"Let me tell you 'bout the sad man/ Shut up and let me see your jazz hands."
Gerard Way sings that on "Na Na Na," the first single from My Chemical Romance's Danger Days: The True Lives of the Fabulous Killjoys, and I mention it now because it's a pretty apt summation of the entire album, a throttling 50-odd minutes of big guitars, even bigger choruses and shiny, 23rd-century synthesizers that's long on jazz hands, fist pumps and all other manner of jubilant gesticulations, yet short on morose emotions ... or, really, any emotions that couldn't adequately be expressed without Dio-worthy devil horns or lighters thrust aloft.
And that's sort of the point, isn't it? Dangers Days isn't supposed to plumb the same murky depths The Black Parade did or strike the same misfit poses as Three Cheers for Sweet Revenge. If it did either of those things, it would be a rehash — and probably quite boring — and My Chem don't do rehashes. They set the past ablaze and walk away from the pyre, stumbling off into the darkness with only the flames to light the way. This is a large part of what makes them a great band: They are fearless, almost to a fault. And Danger Days is most definitely their most fearless album, proudly — almost defiantly — kissing the past goodbye, ditching the pancake makeup and overwrought histrionics for an album's worth of lean, mean, missile-launcher rock.
In the process, MCR have reinvented themselves too. Gone is the band with the slightly foppish Queen obsession and the soft spot for Great White Way theatrics. In their place, we get a gang of bandana-clad desert dwellers, a take-no-prisoners, dust-in-their-teeth band of outlaws, swathed in stinking leathers and reeking of sweat and blood and motor oil. At one point — during the blazing "Party Poison" — Way quotes the MC5 ("Kick out the jams!"), and it's especially fitting here. After all, there's no Liza Minnelli cameo on Danger Days, but there are several by a gravel-throated Gila monster named Dr. Death Defying.
To that end, there's a wild, windswept spirit of freedom that blows through most of the album ... the kind of sexualized sensation that is only unlocked by fast, loud muscle cars, chortling, shovelhead Harleys, and blood-red sunsets over wide-open highways. It's a uniquely American thing — which is proof that, when Way told MTV News last year that MCR were falling in love with being "an American rock-and-roll band," he wasn't kidding — and Danger Days is a uniquely American rock-and-roll album, albeit one set in the dystopian future. It takes its cues from the MC5, the ham-fisted proto-punk of the Stooges (album-closing "Vampire Money") and even the cocksure swagger of Guns N' Roses (the triumphant drums and ringing acoustic guitars of "S/C/A/R/E/C/R/O/W" are a dead ringer for the opening bars of "Paradise City").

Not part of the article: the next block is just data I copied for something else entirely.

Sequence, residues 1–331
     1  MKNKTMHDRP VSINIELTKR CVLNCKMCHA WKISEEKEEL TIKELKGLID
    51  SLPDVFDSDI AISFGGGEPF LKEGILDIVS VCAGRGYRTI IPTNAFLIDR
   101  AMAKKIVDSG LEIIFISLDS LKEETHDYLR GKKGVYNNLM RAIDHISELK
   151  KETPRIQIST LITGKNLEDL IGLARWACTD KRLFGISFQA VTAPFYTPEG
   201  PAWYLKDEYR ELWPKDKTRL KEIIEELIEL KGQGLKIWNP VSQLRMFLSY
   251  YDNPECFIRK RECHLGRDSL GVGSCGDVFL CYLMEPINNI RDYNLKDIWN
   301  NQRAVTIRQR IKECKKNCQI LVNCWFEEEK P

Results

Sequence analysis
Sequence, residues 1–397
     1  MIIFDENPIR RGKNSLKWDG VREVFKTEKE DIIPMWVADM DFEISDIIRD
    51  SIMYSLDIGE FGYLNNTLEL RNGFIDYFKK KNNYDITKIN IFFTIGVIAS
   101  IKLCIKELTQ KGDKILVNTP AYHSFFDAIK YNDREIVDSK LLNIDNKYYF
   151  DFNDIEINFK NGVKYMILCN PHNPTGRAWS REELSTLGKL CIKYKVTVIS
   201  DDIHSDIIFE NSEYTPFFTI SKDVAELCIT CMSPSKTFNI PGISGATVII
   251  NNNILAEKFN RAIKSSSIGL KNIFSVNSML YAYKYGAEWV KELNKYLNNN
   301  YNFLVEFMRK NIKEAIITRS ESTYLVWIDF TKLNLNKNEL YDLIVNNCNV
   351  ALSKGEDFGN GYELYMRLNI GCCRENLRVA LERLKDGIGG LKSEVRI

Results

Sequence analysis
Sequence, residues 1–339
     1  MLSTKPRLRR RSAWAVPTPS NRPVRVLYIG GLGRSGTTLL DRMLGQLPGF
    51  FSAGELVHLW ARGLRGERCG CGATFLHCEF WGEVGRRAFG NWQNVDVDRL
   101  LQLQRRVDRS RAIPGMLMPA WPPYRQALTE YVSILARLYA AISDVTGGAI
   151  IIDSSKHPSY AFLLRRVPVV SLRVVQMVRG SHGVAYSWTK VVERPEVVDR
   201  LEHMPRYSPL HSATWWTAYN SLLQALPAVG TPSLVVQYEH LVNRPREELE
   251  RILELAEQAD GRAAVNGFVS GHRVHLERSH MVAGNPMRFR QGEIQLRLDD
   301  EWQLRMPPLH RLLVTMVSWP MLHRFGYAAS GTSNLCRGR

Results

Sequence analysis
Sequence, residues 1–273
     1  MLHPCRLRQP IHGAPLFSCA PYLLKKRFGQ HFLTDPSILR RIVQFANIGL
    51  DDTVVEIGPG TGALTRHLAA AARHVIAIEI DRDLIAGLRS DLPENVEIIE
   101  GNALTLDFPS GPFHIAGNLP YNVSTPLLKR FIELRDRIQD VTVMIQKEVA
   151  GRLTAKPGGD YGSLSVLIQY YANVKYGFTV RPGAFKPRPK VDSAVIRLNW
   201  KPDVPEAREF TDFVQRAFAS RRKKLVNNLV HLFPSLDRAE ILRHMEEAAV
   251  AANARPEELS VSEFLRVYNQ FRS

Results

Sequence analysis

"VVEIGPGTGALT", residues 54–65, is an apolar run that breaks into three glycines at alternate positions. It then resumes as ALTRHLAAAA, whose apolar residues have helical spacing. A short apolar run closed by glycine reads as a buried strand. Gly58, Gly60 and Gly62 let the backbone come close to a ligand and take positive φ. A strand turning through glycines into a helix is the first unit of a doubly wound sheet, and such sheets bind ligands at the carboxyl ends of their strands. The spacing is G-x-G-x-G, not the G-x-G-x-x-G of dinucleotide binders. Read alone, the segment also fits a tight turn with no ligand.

Spiritually, Danger Days owes a lot to the work of another great American (and New Jersey) icon: Bruce Springsteen. Because, like a large portion of the Boss' songbook, it deals almost exclusively with the romantic ideals of leaving the small town for the bright lights of the big city, magical girls with life-affirming powers and about being saved by rock and roll on a Saturday night. At various points throughout, Way declares, "You can run away with me anytime you want" ("Summertime"), "I've got a bulletproof heart/ You've got a hollow-point smile" (to a potential lover on "Bulletproof Heart"), and "When we were young, we used to say/ That you only hear the music when your heart begins to break" ("The Kids From Yesterday"). Brandon Flowers tried to do much the same thing on the Killers' Sam's Town album; the only difference is, My Chem pull it off. Because they've got the balls to. Because they're an American rock-and-roll machine.
And yes, dealing with American archetypes is pretty easy, but Danger Days isn't a complex album: It's about the fast and loose joy of rock and roll played very loudly, the spiritual release of shouting along to your favorite song, the swagger of gunslingers and motorcycle gangs and sh---hot guitar solos. There's no room for sadness or social complexities. It is loud, brash, unafraid and unapologetic, a four-on-the-floor, pedal-to-the-metal, bullets-in-the-chamber, bugs-on-the-windshield thrill ride. And, in a lot of ways, it's the most American rock album in recent memory. Which is probably what MCR set out to do when they made it (the second time around). Of course, they had to dye their hair and fast-forward to the year 2019 to do it, but given their past, I'd expect nothing less. "We're an American band," they seem to be shouting, echoing the sentiments of Grand Funk Railroad. "From the future."
What do you think of MCR's reinvention? Let us know in the comments!